Catalina Island News

The Duke of Catalina Featured in New Museum Exhibition

Catalina Island Museum

For 42 years, Duke Fishman worked every summer as a lifeguard on Avalon’s beaches, and was well-known for strolling barefoot along the town’s Front Street, wearing little more than a skin-tight swimsuit and a Captain’s cap cocked jauntily on his head.  He eventually became known as the “Duke of Catalina,” and he is just one of the many characters featured in the Catalina Island Museum’s current exhibition: Avalon: 100 Years of Bizarre, Fascinating and Colorful History.

Fishman was born in the Philippines to American parents, who moved to Hong Kong when he was just an infant.  By the age of 5, Fishman’s parents had died, and he was forced to live in a Chinese orphanage.  By the time he turned 18, he was living in the South Seas, earning a living as a lifeguard.

Fishman soon moved to America, arriving on Catalina Island in 1933.  After a short stint at Avalon’s golf course, he found work as a lifeguard.  He became a favorite of children, teaching them how to swim in the warm waters of Avalon’s harbor.  He was marvelously effective at his job.  He was credited with saving over 1,000 lives, and The Islander boasted in 1939: “No drownings have occurred in Avalon during Duke’s time, although he had many rescues.”

His outgoing and gregarious personality undoubtedly earned him a reputation, and he was acutely aware that as a lifeguard he was constantly in the public eye.  He shrewdly made himself Avalon’s “Goodwill Ambassador.” The City of Avalon recognized his value and made him the town’s “Official Greeter.”  He embraced the job.  He ensconced himself near Avalon’s piers, showing off his bronzed, athletic body, and kicking off every visitor’s trip to Avalon with the affable and warm greeting of: “Hi, Naybor!”  The impression he made was indelible, and he was soon not only Avalon’s most recognizable personality but its most rabid cheerleader.  He often accommodated the scores of tourists milling about the town by taking their photograph and even led evening sing-alongs.  He was known to serenade visitors frequently with his rendition of the island’s most famous song, “I Found My Love in Avalon.” 

Of course, Fishman’s distinctive appearance was hard to miss.  In 1949, he shaved his head and eventually wore a gold hoop earring in his left ear—both quite unusual for the day.  He was rumored to have been the inspiration for the popular Mr. Clean character.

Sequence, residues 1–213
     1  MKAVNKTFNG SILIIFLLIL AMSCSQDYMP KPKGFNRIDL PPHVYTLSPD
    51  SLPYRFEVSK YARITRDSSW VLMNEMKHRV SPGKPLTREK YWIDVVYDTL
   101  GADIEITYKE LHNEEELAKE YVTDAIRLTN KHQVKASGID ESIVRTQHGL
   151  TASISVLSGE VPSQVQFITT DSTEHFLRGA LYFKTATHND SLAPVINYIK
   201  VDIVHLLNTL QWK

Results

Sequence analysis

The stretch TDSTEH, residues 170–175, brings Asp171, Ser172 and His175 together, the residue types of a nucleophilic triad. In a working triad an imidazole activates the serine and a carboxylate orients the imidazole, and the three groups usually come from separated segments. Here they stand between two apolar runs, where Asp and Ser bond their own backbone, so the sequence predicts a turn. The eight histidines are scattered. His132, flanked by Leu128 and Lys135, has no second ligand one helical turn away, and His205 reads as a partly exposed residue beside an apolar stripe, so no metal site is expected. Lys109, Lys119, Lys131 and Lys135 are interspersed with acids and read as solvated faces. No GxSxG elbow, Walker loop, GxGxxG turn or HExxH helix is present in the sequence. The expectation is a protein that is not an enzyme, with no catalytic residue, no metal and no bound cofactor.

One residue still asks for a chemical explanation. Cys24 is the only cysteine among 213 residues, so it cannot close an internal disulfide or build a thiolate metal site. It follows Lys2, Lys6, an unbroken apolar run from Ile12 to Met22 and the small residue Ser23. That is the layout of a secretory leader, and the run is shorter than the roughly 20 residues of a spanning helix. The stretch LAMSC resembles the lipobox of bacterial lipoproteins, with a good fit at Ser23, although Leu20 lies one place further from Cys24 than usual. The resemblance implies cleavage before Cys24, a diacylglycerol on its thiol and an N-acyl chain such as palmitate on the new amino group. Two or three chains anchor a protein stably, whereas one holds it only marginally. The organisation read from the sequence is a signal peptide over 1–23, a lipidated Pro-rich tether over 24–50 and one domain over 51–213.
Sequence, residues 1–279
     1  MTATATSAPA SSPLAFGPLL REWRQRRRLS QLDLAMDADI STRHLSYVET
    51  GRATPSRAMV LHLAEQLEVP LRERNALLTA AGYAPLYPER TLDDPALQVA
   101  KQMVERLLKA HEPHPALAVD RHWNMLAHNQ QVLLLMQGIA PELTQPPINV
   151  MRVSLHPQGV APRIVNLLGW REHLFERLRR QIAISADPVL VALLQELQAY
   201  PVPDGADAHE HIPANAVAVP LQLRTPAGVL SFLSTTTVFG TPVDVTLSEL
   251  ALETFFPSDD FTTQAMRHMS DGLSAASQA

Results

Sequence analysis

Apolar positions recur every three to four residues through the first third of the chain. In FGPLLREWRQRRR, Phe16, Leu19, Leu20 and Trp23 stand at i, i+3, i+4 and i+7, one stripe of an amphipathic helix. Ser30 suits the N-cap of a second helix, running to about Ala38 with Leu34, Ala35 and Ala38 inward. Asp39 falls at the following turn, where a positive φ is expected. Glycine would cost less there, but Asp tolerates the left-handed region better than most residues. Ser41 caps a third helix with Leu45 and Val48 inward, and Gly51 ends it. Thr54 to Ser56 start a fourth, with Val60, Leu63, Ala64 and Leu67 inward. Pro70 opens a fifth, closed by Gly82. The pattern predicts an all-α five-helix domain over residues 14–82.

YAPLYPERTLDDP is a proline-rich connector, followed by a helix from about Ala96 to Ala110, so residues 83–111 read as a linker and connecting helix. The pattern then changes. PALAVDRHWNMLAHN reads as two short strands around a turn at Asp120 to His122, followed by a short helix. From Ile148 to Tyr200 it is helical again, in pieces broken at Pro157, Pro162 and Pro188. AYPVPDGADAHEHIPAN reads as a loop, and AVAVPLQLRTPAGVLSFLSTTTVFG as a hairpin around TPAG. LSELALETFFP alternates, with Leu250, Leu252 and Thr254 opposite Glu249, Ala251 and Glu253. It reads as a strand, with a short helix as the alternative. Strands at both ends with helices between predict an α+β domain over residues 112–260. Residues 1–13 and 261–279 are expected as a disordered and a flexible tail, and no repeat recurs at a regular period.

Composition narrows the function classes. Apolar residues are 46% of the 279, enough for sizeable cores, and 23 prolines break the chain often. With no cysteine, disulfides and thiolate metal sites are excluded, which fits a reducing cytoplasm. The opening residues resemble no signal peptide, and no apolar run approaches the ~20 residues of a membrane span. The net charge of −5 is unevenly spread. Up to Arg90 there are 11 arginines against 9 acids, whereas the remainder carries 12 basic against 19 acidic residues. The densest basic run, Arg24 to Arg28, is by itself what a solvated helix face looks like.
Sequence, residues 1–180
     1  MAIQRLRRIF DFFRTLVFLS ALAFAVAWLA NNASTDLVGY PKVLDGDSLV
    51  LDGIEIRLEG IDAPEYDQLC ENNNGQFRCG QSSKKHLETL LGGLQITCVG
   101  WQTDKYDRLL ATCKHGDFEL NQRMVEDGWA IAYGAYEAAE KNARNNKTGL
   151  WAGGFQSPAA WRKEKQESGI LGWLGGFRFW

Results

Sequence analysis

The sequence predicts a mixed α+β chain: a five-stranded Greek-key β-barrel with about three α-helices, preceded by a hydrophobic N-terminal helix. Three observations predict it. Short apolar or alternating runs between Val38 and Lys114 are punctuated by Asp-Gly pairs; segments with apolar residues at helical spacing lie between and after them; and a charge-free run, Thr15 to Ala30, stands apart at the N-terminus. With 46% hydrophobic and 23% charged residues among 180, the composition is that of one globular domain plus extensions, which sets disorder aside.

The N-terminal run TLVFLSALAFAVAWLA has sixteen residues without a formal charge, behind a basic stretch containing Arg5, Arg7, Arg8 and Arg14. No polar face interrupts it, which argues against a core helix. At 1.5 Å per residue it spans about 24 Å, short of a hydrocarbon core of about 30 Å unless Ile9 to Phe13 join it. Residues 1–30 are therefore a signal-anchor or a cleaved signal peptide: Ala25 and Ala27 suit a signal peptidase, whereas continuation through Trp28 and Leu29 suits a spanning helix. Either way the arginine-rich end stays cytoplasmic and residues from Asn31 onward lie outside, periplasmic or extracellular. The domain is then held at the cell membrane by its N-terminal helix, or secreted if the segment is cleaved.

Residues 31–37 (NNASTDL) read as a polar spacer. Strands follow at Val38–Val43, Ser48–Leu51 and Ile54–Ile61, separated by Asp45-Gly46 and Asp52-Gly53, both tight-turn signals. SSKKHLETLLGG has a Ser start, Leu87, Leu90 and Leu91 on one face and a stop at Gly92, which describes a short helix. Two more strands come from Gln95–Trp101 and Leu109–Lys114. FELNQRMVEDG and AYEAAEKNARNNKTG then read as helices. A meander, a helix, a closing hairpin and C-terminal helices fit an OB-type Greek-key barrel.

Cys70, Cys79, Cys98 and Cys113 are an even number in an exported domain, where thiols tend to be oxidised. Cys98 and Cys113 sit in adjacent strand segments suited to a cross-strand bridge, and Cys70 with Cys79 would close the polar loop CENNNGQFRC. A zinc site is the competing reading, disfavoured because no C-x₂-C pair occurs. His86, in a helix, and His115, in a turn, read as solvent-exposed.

Taking full advantage of Avalon’s proximity to Hollywood and the stars that often visited, he worked as an extra in nearly 80 films and television shows.  He appeared in Some Like It Hot starring Marilyn Monroe, Rosemary’s Baby featuring Mia Farrow and The Man Who Shot Liberty Valance with John Wayne.  Local children and adults alike delighted in going to the theater and seeing Duke on the big screen, no matter how brief the appearance.  He was popular with the celebrities that visited Avalon as well, befriending the likes of Charlie Chaplin and Paulette Goddard, John Wayne, Mickey Rooney, Howard Hughes, Jack Lalanne and even President Gerald Ford.   Many of them often whispered that Duke was as much a part of Avalon as the Casino.

In 1975, Fishman had open heart surgery.  He had relinquished his lifeguarding duties but continued to relish his role as the town’s greeter.  He stayed off the job for only six weeks, and loved to surprise people by proudly proclaiming his age.  But he was now slowing significantly, and could be heard uncharacteristically complaining of feeling tired.  Duke left Avalon every fall for his desert home, a small trailer in Palm Springs.  In 1977, he left Avalon excited, telling friends proudly that the city had renewed his contract.  Sadly, for the first time in over 40 years, Duke was destined not to return to the island, dying of a sudden heart attack in Palm Springs at the age of 71.   In April of 1978, the ashes of the “Duke of Catalina” were brought back to Catalina Island and interred in Avalon’s cemetery.

Since his death, the position of “Official Greeter” has remained vacant.

Avalon: 100 Years of Bizarre, Fascinating and Colorful History showcases the events, individuals and stories that have shaped Catalina Island’s only city. The exhibition is on display through March 31, 2014.

The Catalina Island Museum is Avalon’s sole institution devoted to art, culture and history.  The museum, its digital theater and store are located on the ground floor of Avalon’s historic Casino and are open 7 days a week, from 10:00 a.m. to 5:00 p.m. For more information, the museum may be reached by phone at 310-510-2414 or at its website.